FDA Approves Sale of Mifepristone for Nonsurgical Abortion (Great Events: 1900-2001)
Article abstract: The Food and Drug Administration approved medical abortions using mifepristone (RU-486) as an alternative to surgical abortion.
On September 28, 2000, the Food and Drug Administration (FDA) announced the approval of RU-486 for use in the United States as an alternative to surgical abortion. The ruling mandated that in order to prescribe the drug, a physician must be able to date the pregnancy conclusively and, if anything unusual occurred, to provide surgical intervention, either to complete the abortion or to stop heavy bleeding. Three visits to the physician are required. The first is to ensure that the pregnancy is early enough for the pill to be used safely (forty-nine days after the last menstrual period).
Two sets of pills are required: The first, mifepristone, prevents the production of progesterone, which the uterus needs to nourish the fertilized egg and keep it alive. Without progesterone, the embryo is dislodged from the uterus and is expelled from the body. The second drug, misoprostol (Cytotec), to be ingested two days later, triggers contractions and expels the fetal tissue. Normally used to prevent gastric ulcers, misoprostol also makes the uterus contract so that it expels the fertilized egg, mimicking a miscarriage. A few days after taking it, there is some cramping and bleeding. After twelve days, the woman must return to her physician to confirm the...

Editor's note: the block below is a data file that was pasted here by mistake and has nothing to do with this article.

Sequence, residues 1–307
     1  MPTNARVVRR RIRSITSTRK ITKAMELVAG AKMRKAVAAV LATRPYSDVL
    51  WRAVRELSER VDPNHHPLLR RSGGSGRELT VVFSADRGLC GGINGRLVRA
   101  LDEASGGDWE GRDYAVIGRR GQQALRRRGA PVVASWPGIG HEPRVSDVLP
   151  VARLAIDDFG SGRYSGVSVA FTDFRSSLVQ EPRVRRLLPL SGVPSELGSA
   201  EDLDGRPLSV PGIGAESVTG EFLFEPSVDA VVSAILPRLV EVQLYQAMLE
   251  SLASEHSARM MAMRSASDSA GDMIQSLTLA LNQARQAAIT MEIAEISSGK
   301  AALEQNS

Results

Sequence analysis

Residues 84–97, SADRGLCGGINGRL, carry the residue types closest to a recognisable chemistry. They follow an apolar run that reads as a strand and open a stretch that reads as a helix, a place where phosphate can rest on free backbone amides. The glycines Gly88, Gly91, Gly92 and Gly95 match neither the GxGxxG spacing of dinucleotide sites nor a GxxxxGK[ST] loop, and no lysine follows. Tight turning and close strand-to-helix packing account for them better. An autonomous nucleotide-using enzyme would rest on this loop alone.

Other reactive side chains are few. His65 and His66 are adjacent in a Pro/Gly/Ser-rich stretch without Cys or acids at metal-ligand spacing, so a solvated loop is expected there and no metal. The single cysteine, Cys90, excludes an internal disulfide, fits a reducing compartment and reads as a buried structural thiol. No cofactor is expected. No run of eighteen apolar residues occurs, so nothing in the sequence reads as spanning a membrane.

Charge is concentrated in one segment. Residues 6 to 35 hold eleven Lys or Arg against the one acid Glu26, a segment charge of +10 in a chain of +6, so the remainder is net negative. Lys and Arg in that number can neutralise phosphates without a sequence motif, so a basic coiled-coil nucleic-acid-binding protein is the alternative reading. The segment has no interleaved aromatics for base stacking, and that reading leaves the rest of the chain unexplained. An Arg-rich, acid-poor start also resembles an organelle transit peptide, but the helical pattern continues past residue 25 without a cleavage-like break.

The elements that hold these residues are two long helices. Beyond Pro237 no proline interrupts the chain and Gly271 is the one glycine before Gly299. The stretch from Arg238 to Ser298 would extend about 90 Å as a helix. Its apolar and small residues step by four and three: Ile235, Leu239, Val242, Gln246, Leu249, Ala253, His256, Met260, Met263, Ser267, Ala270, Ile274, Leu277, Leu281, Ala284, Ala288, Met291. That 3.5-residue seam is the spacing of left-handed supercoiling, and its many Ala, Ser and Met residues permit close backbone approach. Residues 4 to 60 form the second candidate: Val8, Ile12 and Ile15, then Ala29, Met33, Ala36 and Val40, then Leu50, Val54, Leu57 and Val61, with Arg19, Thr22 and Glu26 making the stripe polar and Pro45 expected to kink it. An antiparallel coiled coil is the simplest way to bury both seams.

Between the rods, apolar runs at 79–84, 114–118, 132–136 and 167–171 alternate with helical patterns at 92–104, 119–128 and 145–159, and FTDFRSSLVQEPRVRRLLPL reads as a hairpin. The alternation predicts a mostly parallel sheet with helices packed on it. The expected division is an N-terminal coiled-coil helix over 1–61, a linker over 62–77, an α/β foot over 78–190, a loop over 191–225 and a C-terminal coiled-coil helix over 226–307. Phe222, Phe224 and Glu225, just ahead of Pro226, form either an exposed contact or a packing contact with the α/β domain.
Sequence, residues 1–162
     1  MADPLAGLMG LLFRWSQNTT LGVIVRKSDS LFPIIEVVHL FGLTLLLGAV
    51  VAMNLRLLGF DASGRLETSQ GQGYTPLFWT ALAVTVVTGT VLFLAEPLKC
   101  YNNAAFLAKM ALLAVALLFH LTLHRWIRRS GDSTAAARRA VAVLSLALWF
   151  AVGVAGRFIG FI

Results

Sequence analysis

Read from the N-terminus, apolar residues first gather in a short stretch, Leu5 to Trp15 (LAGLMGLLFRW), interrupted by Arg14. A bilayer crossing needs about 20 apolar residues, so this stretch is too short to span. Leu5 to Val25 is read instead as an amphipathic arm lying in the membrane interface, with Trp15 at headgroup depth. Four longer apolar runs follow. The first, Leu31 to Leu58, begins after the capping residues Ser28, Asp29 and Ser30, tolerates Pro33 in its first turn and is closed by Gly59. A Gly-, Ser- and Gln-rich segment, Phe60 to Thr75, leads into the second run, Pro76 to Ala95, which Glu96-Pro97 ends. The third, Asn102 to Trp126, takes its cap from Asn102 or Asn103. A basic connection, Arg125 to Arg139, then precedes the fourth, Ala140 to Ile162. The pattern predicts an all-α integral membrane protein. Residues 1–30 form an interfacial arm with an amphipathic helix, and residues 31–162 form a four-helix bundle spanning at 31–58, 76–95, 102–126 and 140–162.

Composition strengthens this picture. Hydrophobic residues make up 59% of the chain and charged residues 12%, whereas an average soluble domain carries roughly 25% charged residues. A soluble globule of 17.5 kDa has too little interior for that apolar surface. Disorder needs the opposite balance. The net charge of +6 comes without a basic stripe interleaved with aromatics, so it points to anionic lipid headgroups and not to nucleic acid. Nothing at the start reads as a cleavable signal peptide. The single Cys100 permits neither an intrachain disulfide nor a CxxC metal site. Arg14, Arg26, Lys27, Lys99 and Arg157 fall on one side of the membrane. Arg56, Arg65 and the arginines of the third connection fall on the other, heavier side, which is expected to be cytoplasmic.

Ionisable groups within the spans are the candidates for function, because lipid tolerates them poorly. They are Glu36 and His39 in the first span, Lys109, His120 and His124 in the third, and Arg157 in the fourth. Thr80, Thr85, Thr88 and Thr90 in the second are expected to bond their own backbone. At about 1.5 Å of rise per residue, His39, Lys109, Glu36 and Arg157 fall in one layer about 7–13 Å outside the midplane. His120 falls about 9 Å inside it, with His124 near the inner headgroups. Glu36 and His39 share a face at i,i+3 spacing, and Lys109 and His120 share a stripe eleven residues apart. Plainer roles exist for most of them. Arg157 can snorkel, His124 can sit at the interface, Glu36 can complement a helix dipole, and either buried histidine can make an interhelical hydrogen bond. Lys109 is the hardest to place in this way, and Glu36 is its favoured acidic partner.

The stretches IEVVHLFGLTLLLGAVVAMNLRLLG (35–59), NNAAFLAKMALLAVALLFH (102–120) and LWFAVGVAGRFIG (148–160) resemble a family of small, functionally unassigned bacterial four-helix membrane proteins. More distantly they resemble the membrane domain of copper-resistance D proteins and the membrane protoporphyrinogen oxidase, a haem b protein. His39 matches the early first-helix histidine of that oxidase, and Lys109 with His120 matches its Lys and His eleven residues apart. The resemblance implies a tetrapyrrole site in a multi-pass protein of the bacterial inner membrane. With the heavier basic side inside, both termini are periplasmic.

(The entire section is 948 words.)
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